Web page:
Even later that week I had dinner at Soif in Santa Cruz with co-blogger Chris Osborn, his lovely fiancee and Oakland cider producer Arjun Mendiratta. We discussed several things from the fact that it may not be such a good idea to call your wedding blog “Just Another Fucking Wedding Blog” and letting families see it to Richie Hawtin. We also drank some 2007 A et P de Villaine Bourgogne Côte Chalonnaise Les Clous. Really nice, precise clean wine. If anyone asks me to describe what “terroir” is to them i’m going to just make them buy a bunch of burgundies and report back to me. Going from the fie gris to this to a later aligote you start to realize that some things are essential to terroir instead of grape variety. It’s something that i already knew, but it is interesting when the fact it walks up and smacks you in the face.
Continuing this long and winding post i really love the exact moment that i know it’s fall. There is no other season i associate so strongly with a specific feeling than fall. Sure summer, spring, and winter all have their own uniqueness about them, but fall, well, feels like fall. It’s like everything is contracting and becoming simpler, the light, the landscape the air. It’s all very palpable, and despite this being my 29th fall it never ceases to amaze me when i wake one morning and realize that it is fall. Fall also means two of my favorite things pop up squash and apples, which are then promptly made into a soup. that soup is then served with a 2007 Maison William Fevre Chablis “Champs Royaux.” Like the soup, this was better after sitting for a while. Really blurry and unfocused on first opening, but tightening up and becoming revealing after about an hour.
IT’S A MYSTERY
Last night i was treated to something really special (actually four things). Going out to dinner with some friends recently returned from France proved rather fruitful because i got the chance to unburden them of several things that they had hauled back. We started out with a bottle of Alice and Olivia DeMoors recently released 2008 Aligato-O, which is (i believe) their sans soufre aligote (this was actually hauled all the way from Bi-Rite market). Reminds me alot of Thierry Puzelat’s Brin de Chevre. Nicely balanced between high acidity and a little bit of fleshiness. Again, terroir rules variety. Next up was a mystery magnum of sous-voile chardonnay from 1989. Holy shit is this wine good. there is still so much freshness and vivacity left in a bottle from 20 years ago.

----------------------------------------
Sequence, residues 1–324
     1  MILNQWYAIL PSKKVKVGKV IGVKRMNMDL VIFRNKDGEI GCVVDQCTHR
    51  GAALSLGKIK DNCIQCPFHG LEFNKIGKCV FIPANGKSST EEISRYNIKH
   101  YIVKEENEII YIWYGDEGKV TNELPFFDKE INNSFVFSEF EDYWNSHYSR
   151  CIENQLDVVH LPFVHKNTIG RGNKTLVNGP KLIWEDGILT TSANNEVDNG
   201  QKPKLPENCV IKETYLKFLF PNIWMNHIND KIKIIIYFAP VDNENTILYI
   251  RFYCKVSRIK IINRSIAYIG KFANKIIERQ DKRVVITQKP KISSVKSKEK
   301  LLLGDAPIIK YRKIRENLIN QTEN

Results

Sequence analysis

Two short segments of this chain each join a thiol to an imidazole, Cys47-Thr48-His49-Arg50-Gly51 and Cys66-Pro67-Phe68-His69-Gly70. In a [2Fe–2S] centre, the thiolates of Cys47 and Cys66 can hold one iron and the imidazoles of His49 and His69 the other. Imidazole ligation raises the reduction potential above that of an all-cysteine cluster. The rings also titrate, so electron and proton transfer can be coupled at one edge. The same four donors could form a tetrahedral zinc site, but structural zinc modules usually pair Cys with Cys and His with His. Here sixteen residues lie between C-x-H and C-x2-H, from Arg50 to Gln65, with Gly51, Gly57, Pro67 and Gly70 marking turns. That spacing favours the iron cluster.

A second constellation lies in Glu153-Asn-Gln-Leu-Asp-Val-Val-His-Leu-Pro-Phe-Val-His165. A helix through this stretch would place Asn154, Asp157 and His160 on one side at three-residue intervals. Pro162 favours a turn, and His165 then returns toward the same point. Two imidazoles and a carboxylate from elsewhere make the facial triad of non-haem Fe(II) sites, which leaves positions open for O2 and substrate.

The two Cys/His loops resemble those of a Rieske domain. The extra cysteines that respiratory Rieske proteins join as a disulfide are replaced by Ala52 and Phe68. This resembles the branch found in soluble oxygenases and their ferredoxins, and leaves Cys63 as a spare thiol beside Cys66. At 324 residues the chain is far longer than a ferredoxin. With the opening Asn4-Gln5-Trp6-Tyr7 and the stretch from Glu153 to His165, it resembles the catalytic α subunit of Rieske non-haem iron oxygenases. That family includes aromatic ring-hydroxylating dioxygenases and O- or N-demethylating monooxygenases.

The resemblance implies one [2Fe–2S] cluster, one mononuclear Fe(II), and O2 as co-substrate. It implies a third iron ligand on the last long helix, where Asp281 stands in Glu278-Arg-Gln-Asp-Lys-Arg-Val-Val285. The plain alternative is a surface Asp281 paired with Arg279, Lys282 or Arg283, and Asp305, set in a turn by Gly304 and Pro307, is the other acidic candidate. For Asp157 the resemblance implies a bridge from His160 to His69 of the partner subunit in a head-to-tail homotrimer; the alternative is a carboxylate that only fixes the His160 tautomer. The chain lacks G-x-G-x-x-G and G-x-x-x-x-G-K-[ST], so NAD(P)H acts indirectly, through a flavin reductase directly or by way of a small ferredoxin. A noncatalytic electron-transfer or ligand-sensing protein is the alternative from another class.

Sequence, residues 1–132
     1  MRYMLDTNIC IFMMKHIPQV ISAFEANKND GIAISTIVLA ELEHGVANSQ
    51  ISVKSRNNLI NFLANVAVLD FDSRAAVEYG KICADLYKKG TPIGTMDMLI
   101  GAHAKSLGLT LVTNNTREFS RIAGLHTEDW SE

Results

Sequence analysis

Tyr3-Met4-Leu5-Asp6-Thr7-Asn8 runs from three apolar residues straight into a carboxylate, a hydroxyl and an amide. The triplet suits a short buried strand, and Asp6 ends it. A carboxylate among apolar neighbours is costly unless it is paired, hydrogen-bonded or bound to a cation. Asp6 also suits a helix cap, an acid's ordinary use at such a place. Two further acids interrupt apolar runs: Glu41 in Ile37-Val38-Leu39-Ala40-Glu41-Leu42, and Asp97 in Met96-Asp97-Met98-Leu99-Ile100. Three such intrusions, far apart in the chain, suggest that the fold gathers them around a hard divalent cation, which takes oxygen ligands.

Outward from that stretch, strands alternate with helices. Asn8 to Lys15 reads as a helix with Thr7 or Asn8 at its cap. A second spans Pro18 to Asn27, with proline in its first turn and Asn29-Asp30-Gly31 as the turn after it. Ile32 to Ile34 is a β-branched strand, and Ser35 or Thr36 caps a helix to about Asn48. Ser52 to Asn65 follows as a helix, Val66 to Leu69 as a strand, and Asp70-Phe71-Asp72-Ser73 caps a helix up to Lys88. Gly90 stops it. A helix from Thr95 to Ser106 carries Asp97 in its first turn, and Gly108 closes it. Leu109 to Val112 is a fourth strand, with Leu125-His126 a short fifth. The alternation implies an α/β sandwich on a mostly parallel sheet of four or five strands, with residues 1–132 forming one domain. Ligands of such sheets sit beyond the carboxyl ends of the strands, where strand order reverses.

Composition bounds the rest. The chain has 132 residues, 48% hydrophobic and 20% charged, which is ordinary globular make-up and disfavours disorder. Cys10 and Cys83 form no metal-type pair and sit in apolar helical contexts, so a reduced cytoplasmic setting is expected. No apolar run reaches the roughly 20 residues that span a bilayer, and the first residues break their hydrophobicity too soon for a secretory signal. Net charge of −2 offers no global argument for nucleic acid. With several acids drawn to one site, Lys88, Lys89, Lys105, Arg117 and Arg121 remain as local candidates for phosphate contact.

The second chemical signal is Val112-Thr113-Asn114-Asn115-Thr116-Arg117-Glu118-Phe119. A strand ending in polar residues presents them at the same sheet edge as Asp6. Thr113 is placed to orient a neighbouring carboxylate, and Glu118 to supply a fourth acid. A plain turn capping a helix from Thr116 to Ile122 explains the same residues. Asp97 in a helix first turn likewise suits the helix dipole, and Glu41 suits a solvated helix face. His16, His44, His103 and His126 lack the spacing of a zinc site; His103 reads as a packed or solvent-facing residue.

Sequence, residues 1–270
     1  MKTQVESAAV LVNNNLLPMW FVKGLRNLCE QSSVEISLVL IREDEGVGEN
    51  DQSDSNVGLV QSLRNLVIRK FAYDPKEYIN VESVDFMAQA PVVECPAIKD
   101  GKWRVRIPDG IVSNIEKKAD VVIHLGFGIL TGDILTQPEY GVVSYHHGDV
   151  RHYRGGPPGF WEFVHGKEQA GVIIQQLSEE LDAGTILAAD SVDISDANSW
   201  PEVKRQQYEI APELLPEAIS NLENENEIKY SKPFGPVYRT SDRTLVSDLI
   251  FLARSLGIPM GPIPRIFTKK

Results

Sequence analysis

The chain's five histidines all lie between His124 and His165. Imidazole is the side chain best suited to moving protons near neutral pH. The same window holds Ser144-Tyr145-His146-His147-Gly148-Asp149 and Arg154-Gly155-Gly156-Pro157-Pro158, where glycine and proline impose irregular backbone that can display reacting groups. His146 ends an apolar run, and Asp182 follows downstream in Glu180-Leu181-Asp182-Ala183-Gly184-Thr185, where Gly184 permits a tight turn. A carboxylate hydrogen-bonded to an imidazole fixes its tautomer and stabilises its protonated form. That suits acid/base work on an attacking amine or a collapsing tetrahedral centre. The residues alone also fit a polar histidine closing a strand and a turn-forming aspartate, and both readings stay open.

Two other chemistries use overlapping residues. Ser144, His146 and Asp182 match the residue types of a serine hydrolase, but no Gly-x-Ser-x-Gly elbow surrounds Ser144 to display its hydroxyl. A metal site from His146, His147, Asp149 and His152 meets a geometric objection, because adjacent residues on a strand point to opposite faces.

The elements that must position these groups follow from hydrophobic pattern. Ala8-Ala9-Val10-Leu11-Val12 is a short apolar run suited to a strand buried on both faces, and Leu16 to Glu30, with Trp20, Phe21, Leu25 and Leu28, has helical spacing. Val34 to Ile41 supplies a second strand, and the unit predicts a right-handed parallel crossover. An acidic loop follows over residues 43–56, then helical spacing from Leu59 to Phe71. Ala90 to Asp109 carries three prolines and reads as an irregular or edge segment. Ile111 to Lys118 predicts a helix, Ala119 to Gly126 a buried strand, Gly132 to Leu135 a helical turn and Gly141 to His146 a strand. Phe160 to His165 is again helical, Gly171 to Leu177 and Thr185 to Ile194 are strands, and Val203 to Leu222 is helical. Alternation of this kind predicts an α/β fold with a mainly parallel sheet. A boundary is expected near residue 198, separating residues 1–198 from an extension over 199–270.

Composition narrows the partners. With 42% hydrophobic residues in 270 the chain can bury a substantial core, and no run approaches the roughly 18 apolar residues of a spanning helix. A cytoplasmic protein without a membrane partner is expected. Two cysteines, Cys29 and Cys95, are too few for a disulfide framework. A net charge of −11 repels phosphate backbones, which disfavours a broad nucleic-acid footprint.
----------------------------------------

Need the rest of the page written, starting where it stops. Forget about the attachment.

After that we had another mystery bottle of savagnin from the Jura at Bar Jules. One day you’ll know this producer. he’s that good. And then a bottle emerged that has become something of an internet legend, cuvee 3.14 from Jean Foillard. This is headspinningly good stuff. There are a handful of winemakers whose wines greatness come from the margins of their wines. There’s something about wines from Jean Foillard (and Paolo Bea, Phillipe Pacalet, Overnoy/Houillon amongst others) that can’t really be described. It’s like an extra bit of purity around the edges of the wine, like seeing something amazing out of the corner of your eye. This wine had that quality. Try some if you can find it no matter. Next person who throws away loads of money on crap Burgundy who compalins about the prices of Cru Beaujolais gets a Louis Gossett Jr. in An Officer and a Gentleman style dressdown.
Good lord i need to blog more. This is simply too much text.
Me and the winedigger will be in New York next week. Hit me up if you want to grab a drink somewhere that is the Ten Bells.
Reading A Wild Sheep Chase last of Murakami’s books is a good idea.
My neighbor is sculpting giant children in his studio. There are five colossal baby heads on the floor. Quite disconcerting walking by at night.
Congratulations to my good friend Robert Cogburn, whose latest game Uncharted 2 is a fantastic piece of work. Robert worked with me when we had to grind it out last year, and he deserves the success.